New to MVC, new to Robotlegs, please help

Steve's Avatar


19 Feb, 2012 08:18 PM

So I have a self project where I have decided to force myself to learn Robotlegs.

I have been developing in actionscript for over 7 years. My problem is not my ability to code, my problem is that I have never taken the time to learn MVC. I'm finding that as I work my way through teaching myself Robotlegs, I am clearly at a disadvantage due to my lack of knowledge of MVC.

I don't really know the right question to ask, because I feel like the only answer you can give me is "go read this tutorial". Here's the thing... I understand these tutorials. I understand the robotlegs examples.

What I do not understand is... quite simply: Why MVC? What benefit do I propose by building my actionscript project using MVC/Robotlegs?

Please point me in the right direction.


  1. 1 Posted by Steve on 19 Feb, 2012 11:46 PM

    Steve's Avatar

    If possible, would anyone be willing to walk me through setting up my project to work with RobotLegs? I don't need hand holding. I know how to code, and I do it well. I just feel like once I understand the concept of MVC, it will literally be an ENORMOUS weight off of my shoulders.

  2. Support Staff 2 Posted by creynders on 20 Feb, 2012 08:29 AM

    creynders's Avatar

    It's one of those concepts that only starts to make sense when you're dealing with larger applications and/or when working on the same application with several developers, that's why it's a bit hard to grasp when reading tutorials. The tutorials are kept small and easy in order to clearly communicate the concept itself, but obviously the motivation for using the methodology remains a bit vague then.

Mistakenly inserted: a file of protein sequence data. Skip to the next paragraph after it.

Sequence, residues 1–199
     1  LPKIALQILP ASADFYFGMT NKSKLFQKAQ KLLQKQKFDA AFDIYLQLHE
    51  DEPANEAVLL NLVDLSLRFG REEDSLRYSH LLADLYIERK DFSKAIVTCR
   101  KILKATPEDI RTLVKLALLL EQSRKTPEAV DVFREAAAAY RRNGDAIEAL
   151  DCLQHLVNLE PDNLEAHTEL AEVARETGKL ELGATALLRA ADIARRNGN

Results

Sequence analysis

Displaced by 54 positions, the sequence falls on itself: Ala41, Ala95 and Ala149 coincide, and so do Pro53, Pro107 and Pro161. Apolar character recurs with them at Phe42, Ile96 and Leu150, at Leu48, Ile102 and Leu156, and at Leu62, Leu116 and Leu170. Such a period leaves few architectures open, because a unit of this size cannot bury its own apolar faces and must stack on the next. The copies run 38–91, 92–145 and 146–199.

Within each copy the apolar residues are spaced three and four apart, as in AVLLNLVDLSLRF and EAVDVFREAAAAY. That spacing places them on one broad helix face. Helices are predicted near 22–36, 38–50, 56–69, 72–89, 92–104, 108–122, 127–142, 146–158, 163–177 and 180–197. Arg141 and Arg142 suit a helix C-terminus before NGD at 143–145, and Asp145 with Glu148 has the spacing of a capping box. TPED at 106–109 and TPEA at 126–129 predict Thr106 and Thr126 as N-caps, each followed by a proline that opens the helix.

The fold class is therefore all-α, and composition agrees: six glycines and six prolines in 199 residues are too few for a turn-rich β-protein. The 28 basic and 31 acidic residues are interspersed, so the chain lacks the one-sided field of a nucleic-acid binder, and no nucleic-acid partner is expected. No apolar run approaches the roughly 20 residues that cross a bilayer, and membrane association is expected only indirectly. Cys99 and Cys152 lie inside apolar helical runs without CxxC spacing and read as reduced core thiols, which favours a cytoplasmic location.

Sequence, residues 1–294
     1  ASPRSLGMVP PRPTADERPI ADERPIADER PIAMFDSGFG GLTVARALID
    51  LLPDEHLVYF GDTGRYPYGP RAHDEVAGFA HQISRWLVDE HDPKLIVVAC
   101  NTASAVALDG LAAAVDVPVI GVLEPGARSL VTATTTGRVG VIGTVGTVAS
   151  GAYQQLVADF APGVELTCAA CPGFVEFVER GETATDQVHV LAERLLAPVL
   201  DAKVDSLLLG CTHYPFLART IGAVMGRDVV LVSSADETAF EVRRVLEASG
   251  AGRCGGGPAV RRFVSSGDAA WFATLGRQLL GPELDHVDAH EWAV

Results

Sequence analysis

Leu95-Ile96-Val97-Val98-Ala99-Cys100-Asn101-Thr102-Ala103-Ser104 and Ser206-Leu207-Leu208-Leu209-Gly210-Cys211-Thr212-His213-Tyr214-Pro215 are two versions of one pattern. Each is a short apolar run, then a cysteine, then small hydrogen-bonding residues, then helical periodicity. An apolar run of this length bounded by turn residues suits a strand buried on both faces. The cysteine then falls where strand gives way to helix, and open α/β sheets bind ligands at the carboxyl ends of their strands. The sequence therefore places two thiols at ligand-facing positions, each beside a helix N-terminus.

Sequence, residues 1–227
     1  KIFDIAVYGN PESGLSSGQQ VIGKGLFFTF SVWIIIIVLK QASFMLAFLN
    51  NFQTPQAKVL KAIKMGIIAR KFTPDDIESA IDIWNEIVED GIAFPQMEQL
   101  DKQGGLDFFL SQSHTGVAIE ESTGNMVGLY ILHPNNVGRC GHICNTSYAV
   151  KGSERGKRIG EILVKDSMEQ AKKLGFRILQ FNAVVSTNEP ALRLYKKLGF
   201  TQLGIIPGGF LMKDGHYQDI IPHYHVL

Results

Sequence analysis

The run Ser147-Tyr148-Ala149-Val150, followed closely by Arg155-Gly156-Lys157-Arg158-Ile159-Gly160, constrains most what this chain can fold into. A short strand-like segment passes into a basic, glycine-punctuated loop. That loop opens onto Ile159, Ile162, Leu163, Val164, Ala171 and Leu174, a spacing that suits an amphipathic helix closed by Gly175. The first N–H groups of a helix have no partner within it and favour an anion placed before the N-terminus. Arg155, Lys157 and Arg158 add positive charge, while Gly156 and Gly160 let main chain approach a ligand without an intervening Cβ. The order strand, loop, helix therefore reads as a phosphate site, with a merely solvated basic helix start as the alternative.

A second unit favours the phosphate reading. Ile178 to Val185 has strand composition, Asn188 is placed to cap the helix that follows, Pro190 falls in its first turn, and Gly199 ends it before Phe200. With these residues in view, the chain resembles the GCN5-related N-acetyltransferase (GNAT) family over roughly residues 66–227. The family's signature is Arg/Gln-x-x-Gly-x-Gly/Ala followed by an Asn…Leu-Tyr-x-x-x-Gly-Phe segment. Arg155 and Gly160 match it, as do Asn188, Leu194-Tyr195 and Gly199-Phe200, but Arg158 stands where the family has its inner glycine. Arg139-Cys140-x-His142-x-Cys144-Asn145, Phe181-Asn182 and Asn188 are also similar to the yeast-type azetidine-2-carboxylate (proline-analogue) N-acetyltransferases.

Compare it with tasks, if you've got 3 tasks that need to be done on a certain date, you won't feel the need to have some kind of task organization, but if you have to deal with dozens of different tasks, with various due dates you'll start using todo-lists. Then when you start working with a team of people and you need to prioritize and sequence tasks, you realize simple todo-lists won't suffice and you'll end up with applying SCRUM for instance (it obviously deals with more than task management, but it is one of the core parts of the methodology)

    The same applies to MVC. It's benefits are absolutely not restricted to large-scale, team-based development, but they become most obvious in such situations.

    Let's say you need to make a web application that loads some data in a xml file, lets the user do some operations on that data and saves the users edits in a SharedObject.
    Fine. It's a small application, you can develop it pretty fast and there's no need to start thinking about using MVC or other patterns for structuring your components (not talking about UI components here, just cogs in the machine).
    The application is a huge success and your client is extremely satisfied, they ask you to change the application because they'll be setting up a back end with which the xml file can be manipulated by them, in fact no, they want to use a database instead of the file. And since it's 2012 they definitely need an iphone app as well.